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Verizon: Mobile Devices Increased Security Threats, Spending

But Are Organizations Doing Enough to Secure Home Networks, Apps and Devices?

The adoption of remote and hybrid work models meant increased usage of mobile devices during the pandemic. A Verizon study says companies have become more reliant on mobile devices, and that weak device and home network security upped the risks posed to corporate data and networks. In response, organizations increased their security spending, with a focus on mobile security. But are organizations being too lenient with remote workers, and with inadequate security policies and controls? Are they doing enough to secure devices and networks used by remote workers? Has technology kept pace?

Even before the pandemic, employees asked IT if they could use their personal devices for work. And hence the term “Bring Your Own Device”. Users also began installing their choice of applications, often without official approval – a concept called Shadow IT. This was accelerated as more employees moved out of the office and began working from home or remote locations during the pandemic months. The Verizon Mobile Security Index says that the shift to remote work and increased use of devices resulted in a major rise in cybercrimes.

The increasing reliance on mobile devices by companies is partly driven by the shift toward more hybrid working, said Anshuman Sharma, Head Investigative Response, APJ at Verizon. It also attracts new talent, he says.

The April Verizon study included insights from more than 600 people responsible for security strategy, policy and management, including security practitioners from the industry and C-level experts.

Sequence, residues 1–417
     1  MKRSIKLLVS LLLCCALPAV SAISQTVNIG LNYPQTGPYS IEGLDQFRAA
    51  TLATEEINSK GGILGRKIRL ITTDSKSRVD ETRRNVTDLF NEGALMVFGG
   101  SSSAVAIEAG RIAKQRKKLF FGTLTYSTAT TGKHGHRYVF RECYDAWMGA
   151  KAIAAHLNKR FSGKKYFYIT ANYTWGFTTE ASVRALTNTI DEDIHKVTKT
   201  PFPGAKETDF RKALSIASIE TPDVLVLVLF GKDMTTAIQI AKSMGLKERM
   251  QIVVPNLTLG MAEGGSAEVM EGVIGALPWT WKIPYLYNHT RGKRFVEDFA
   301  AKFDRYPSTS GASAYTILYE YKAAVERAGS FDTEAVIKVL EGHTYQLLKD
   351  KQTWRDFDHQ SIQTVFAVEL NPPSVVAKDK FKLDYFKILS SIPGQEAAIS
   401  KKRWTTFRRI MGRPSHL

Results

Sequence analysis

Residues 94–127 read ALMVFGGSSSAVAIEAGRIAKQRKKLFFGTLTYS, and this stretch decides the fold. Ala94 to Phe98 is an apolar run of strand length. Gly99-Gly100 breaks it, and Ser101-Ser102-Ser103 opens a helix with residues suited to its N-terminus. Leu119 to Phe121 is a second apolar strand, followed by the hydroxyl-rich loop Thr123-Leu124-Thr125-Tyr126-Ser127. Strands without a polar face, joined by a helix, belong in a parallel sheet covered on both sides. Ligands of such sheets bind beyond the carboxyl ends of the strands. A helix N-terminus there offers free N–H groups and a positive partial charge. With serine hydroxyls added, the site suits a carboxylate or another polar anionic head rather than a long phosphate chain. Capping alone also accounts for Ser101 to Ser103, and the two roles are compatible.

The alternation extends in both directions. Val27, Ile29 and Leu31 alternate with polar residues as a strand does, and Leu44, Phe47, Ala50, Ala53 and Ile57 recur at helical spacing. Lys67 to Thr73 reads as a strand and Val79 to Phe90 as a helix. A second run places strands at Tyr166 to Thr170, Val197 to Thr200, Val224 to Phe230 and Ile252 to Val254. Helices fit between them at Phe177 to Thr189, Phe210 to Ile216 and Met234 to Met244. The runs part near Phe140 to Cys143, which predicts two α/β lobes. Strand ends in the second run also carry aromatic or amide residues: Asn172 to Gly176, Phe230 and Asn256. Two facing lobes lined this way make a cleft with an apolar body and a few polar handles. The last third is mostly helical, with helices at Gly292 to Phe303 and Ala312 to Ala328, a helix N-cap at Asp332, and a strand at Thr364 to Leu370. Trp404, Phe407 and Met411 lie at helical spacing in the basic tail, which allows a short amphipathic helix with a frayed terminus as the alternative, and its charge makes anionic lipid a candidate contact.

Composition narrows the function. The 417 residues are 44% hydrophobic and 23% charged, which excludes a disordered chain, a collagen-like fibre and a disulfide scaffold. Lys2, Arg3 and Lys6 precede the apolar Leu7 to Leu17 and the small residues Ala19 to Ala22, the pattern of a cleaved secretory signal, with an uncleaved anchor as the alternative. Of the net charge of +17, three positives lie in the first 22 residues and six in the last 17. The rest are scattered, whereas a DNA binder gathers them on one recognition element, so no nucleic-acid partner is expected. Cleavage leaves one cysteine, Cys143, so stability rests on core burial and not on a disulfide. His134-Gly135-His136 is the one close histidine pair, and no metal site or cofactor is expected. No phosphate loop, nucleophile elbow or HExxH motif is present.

Verizon says that 85% of the people it polled said flexibility in work location and the devices they used would attract “the best new talent”.

At nearly half, 41% of companies allow employees to use their own phones/tablets to access corporate systems and data. A further 41% are considering doing so. Many employees now have access to much of the same data – customer lists, banking details, employees’ personal data, billing information, and core enterprise applications such as message, ERP and CRM – via their mobile devices as they would sitting at a desktop in the office.

Inadequate Policies & Controls

Inadequate controls or provisions in security policies for remote work could lead to data breaches and compromised devices, caused by both poor security on user devices and careless users. A compromise of a mobile device can now pose a significant risk to customer data, intellectual property and core systems.

Nearly half (48%) of the respondents said their organization did not have an acceptable use policy in place.

The report finds that 85% said home Wi-Fi and cellular networks/hotspots are allowed or there is no policy against them, and 68% allow or have no policy against the use of public Wi-Fi.

There is also the risk of employees throwing caution to the wind and downloading unverified apps on the same devices they use for work.

Hundreds of malicious apps in the guise of legitimate apps are showing up on the Google Play Store and Apple App store.

Flashlight, camera, and emoji apps are often used as a ruse application to compromise Android phones in the Google Play Store. For instance, over 3 million Android users were infected by malware catching a ride on legitimate sounding apps. And most users were not even aware of it.

Threat Vector

Tari Schreider, strategic advisor – cybersecurity practice, Aite-Novarica Group, said that mobile devices are an attack vector that is “least thought of by CISOs”. He said it is often thought of as a user issue. “The perception of business vs. consumer security and the potential to violate individual privacy rights contributes to the lack of seriousness of mobile device security,” said Schreider.